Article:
WOAH MOMMA! John Travola (left), plays the fumpy mother in this comedy, a long way from his role in 'Grease.'
Director: Adam Shankman
Movies don't come much brasher than "Hairspray." It's almost two hours of wildly exuberant in-your-face singing and dancing that frankly left me feeling utterly exhausted. It's the sort of movie that is so excessively upbeat it also makes you want to rush out and watch Ingmar Bergman at his bleakest just to restore a little balance to the order of things.
"Hairspray" begins charmingly enough. Tracy Turnblad (Nikki Blonsky) is a plump, perpetually smiling teenage girl who wants nothing more than to be a regular dancer on the Corny Collins show in early '60s Baltimore.
Her equally plump mother (a well-cushioned and made-over John Travolta) thinks she's aiming way too high, while her father (Christopher Walken), a kind-hearted jokester, thinks his beloved little girl can do whatever she sets her heart on.
Tracy manages to get on the show but makes a few enemies in the process. For one thing, she believes that "every day should be Negro day" on the Corny Collins show after befriending a group of marginalized black kids.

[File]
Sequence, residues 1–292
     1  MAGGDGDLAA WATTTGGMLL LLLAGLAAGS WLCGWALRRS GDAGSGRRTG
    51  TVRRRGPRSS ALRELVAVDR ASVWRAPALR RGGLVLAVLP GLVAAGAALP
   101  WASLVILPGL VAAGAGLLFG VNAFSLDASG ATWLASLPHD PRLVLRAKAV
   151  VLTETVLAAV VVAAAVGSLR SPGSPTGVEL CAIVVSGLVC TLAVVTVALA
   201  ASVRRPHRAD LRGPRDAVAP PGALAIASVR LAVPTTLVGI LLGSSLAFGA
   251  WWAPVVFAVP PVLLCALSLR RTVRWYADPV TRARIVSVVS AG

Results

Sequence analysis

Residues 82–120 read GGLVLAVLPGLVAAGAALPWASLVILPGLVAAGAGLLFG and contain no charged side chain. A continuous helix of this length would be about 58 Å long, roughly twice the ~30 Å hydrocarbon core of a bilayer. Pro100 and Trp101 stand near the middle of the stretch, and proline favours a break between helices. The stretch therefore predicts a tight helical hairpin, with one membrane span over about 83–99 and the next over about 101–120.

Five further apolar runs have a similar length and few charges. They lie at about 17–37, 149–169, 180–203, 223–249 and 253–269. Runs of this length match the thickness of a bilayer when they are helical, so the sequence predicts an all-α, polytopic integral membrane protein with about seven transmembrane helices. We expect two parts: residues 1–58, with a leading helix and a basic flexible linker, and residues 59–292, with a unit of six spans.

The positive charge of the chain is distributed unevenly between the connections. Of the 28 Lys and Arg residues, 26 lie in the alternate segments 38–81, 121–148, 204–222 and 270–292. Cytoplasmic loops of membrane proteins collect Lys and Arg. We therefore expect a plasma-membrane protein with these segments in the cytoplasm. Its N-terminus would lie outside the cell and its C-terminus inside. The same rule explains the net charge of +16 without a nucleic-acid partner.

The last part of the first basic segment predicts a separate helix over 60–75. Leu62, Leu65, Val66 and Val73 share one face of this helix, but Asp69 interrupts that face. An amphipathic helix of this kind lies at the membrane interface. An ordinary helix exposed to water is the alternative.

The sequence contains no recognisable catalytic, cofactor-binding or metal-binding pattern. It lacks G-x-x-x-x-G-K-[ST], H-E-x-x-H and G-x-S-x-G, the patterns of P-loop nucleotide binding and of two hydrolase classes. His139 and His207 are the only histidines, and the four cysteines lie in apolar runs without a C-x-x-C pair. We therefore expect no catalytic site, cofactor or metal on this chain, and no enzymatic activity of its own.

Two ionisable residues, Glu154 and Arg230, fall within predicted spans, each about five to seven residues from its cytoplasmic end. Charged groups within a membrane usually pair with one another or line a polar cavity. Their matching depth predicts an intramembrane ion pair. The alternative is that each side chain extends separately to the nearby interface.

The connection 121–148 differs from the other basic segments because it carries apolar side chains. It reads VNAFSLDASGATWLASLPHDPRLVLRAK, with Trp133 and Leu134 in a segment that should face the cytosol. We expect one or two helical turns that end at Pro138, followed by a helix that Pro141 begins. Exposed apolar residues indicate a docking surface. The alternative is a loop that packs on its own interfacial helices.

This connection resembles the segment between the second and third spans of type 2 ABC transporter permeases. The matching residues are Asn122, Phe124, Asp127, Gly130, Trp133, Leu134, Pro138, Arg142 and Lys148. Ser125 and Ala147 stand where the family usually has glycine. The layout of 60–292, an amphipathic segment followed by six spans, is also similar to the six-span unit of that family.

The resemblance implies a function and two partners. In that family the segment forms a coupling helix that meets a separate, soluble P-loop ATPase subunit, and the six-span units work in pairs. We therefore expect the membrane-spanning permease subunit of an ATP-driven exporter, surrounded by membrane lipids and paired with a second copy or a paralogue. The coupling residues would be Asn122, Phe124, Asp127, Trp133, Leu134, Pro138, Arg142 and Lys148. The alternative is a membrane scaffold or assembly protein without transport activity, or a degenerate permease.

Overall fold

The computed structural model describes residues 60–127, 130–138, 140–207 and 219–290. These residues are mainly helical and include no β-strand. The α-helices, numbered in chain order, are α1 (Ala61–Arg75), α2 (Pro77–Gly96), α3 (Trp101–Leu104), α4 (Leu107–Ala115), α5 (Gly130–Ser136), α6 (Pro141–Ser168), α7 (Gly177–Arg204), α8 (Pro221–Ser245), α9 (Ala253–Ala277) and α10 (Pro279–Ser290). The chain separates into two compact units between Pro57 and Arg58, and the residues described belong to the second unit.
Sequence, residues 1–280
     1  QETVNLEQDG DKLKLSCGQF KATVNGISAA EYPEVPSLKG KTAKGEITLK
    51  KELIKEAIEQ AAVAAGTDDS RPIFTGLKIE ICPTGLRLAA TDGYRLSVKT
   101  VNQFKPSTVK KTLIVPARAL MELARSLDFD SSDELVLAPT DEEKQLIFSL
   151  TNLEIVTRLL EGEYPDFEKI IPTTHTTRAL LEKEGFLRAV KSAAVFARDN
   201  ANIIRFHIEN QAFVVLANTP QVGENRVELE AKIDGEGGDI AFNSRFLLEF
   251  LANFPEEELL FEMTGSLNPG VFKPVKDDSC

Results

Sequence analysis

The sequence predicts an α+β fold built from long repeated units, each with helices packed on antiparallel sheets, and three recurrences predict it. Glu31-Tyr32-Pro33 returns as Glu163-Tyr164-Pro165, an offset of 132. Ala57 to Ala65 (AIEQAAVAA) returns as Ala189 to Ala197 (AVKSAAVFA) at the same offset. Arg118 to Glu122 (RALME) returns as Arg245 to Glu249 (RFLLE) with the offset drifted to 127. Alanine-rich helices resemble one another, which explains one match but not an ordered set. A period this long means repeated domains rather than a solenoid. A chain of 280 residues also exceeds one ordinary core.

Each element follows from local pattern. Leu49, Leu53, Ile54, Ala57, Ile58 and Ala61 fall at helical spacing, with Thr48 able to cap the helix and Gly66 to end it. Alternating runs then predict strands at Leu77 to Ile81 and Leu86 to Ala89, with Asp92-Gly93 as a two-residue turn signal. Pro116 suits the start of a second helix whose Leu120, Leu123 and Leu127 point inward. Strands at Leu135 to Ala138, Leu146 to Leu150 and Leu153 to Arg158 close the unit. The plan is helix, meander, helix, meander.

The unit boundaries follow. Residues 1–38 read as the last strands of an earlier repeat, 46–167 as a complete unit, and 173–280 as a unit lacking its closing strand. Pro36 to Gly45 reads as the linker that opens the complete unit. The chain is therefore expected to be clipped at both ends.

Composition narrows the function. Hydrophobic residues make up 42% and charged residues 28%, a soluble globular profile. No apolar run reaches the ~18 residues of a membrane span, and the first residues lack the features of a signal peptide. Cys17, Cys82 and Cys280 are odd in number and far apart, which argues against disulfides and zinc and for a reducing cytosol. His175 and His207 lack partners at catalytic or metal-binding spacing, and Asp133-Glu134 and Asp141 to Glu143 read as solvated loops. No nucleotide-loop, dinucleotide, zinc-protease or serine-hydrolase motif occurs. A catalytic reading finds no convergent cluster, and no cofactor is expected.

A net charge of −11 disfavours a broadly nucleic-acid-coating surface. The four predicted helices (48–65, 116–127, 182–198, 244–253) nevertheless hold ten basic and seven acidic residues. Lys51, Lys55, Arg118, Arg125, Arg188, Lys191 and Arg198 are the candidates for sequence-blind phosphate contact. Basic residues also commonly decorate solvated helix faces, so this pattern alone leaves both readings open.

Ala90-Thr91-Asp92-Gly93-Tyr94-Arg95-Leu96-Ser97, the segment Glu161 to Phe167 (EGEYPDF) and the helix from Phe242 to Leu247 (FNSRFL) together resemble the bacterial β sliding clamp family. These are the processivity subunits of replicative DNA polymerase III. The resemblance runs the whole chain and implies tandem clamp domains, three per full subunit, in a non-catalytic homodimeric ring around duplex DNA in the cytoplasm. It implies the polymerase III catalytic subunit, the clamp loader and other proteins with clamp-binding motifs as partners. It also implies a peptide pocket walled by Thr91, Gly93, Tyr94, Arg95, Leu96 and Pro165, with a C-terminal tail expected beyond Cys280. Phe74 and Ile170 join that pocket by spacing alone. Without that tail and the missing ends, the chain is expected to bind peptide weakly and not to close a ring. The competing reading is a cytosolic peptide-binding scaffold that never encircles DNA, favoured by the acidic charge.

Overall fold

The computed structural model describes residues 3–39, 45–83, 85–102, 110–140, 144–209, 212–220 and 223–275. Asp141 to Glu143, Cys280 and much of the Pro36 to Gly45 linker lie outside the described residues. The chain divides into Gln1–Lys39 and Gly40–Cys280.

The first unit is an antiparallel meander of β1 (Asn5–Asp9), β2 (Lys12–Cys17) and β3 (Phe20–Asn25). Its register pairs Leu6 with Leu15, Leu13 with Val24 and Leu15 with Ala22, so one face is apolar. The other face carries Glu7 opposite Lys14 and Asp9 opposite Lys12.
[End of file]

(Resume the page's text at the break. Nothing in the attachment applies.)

Much of the movie is concerned with Tracy's fight for racial equality. While well-intentioned, this political dimension is rendered almost farcical by the fact that everyone keeps bursting into song every scene.
By the 20th song, my head was starting to ache. "Hairspray" has the unfortunate effect (which could be deliberate irony) of making you feel like you have just inhaled an entire canister of toxic hairspray, the effects of which are momentary glee, followed by severe nausea.
I far preferred the 1988 version of the same story by John Waters which managed to combine kitsch Technicolor nostalgia with subversive political commentary far more subtly. It was a whole lot more entertaining too.
"Hairspray" uncomfortably reminded me of "Dream Girls" which was one of the most annoying and overrated movies I've seen in recent years. In both cases, music is used to bludgeon the audience into an emotional response.
There are some very amusing scenes, however, between the endless singing and dancing and the humor does manage to retain something of the dark undertones of John Water's earlier film.
Nikki Blonsky is undeniably charming as Tracy and her infectious smile somehow makes the film more bearable to watch. But the all-star cast was doubtlessly designed to make "Hairspray'' into a summer blockbuster. Like John Travolta's fake layers of fat, "Hairspray" is nowhere near as radical as it pretends to be.
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